Purpose: CSR within a purely voluntary context has so far not made meaningful contributions to the problem of corporate environmental and human rights abuses in Africa. The paper therefore aims to improve the effectiveness of CSR in the continent by making companies accountable for the veracity of statements they have voluntarily put out in the public domain.
Design/methodology/approach: The paper adopts the stakeholder and legitimacy theories and information regulation as its framework of analysis. Following a discourse on the developments in and limitations of sustainability, the paper constructs an argument in line with these theories how these reports can still be utilised to make meaningful contribution towards strengthening CSR through accountability for false and misleading statements.
Findings: Corporations have a stake in information in sustainability reports with regard to their corporate image and reputation. Therefore, under the appropriate framework, utilising corporate accountability for false and misleading statements by companies has promise for making CSR more effective.
Research limitations/implications: The main limitations of this research is the political will of national governments in Africa to undertake such an exercise and the relative ability of civil society groups in light of the power of corporations to effectively hold them to account through the models proposed.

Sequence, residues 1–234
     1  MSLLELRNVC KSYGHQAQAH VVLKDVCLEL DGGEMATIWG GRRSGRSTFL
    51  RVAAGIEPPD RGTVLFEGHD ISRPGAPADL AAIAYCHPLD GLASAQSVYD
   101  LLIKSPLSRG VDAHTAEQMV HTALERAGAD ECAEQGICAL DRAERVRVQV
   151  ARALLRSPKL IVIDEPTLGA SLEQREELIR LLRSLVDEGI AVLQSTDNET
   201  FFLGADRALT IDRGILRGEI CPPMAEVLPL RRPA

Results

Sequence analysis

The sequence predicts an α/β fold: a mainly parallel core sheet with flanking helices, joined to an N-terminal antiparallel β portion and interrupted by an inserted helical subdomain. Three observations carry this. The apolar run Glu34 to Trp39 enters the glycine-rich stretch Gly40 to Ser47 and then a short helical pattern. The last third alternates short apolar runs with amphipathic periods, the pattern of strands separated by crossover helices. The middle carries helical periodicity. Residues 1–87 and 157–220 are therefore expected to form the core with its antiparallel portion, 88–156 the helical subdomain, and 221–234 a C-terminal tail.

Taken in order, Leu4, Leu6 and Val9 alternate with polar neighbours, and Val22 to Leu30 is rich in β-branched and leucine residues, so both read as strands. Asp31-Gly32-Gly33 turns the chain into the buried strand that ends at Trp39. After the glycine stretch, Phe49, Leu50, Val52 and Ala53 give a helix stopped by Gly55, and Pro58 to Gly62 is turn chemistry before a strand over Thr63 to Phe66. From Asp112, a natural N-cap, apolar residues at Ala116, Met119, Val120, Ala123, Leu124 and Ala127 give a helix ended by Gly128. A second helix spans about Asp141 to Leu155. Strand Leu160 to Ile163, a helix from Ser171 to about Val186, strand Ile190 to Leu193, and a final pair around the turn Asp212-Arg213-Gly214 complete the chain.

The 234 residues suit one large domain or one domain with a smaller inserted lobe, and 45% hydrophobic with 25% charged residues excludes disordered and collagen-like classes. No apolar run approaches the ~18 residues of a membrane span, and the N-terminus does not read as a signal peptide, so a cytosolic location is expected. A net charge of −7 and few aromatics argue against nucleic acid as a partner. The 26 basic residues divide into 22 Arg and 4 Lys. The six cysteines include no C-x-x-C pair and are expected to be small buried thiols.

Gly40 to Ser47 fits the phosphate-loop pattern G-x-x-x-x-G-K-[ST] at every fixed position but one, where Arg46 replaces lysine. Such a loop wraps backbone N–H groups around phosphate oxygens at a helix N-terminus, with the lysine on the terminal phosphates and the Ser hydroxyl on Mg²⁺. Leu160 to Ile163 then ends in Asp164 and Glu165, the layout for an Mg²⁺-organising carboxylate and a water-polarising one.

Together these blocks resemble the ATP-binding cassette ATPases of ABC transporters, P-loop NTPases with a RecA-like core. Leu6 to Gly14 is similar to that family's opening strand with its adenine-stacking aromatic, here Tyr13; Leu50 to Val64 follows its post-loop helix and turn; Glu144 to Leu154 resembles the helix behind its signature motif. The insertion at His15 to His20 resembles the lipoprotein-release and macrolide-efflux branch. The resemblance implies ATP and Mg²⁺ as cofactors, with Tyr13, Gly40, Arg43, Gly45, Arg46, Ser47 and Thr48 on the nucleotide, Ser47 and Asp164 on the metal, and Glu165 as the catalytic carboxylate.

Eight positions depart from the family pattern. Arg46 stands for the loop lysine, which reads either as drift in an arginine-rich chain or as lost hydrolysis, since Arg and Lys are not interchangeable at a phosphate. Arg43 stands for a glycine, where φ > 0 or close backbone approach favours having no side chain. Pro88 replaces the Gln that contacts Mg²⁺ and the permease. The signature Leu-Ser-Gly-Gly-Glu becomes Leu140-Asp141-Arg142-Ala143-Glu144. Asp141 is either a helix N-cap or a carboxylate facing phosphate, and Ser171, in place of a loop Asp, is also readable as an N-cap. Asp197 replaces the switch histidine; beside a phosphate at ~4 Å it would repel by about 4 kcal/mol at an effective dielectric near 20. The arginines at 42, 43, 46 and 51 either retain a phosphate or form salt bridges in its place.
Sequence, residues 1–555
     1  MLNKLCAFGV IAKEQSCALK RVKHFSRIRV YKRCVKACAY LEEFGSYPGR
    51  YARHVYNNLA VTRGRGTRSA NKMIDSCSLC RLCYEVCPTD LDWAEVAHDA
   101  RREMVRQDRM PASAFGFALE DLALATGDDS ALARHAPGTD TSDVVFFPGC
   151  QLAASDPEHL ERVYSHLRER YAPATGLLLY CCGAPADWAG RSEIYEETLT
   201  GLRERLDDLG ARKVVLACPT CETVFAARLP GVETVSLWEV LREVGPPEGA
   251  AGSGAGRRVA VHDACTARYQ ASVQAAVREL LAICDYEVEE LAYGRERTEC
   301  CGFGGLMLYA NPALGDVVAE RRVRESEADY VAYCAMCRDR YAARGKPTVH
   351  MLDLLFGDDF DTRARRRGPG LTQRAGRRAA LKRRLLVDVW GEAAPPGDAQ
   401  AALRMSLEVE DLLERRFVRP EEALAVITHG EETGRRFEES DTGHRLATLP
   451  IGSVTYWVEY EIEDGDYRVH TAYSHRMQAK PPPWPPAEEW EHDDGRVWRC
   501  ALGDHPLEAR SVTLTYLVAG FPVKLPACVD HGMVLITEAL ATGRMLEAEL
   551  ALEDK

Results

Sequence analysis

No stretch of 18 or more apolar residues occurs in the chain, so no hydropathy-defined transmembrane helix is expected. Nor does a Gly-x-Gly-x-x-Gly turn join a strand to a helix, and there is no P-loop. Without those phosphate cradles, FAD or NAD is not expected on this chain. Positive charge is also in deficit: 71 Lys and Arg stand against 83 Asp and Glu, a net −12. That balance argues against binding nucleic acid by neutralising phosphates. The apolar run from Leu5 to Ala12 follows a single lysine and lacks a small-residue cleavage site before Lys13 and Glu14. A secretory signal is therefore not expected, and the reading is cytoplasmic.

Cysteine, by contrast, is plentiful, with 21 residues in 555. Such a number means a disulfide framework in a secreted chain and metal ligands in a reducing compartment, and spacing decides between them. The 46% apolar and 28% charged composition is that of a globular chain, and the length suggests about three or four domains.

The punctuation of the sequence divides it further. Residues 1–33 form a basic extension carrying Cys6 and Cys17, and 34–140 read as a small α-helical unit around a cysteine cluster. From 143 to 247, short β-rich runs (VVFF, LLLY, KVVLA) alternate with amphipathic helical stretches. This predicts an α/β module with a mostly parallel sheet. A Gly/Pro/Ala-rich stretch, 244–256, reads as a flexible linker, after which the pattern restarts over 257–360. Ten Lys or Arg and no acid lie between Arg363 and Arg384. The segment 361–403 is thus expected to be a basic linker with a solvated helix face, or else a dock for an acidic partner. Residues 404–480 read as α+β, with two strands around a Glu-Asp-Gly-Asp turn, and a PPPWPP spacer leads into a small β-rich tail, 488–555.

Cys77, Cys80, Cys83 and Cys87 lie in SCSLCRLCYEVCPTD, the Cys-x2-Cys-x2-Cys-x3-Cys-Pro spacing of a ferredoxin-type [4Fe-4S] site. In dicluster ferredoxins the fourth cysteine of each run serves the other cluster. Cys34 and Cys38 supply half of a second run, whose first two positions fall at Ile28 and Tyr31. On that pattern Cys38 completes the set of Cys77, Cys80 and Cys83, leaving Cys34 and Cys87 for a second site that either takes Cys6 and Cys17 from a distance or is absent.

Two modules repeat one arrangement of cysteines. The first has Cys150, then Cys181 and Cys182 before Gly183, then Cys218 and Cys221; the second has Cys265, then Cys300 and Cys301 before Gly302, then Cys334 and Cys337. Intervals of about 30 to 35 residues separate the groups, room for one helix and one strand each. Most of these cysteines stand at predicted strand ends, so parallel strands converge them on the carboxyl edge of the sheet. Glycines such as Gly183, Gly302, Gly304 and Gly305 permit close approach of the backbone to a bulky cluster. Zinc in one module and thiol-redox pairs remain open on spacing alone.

Originality/value: The paper is interdisciplinary, drawing upon both management and legal theories. A significant contribution of this research is its pragmatic approach which goes beyond calling for legal platform for CSR by recommending a model for accountability within the existing voluntary CSR framework.
- Corporate accountability
- Corporate human rights abuse
- Corporate social responsibility
- Environmental rights
- Extractive industries
- Informational regulation
- Legitimacy theory
- Stakeholder theory
- Sustainability reporting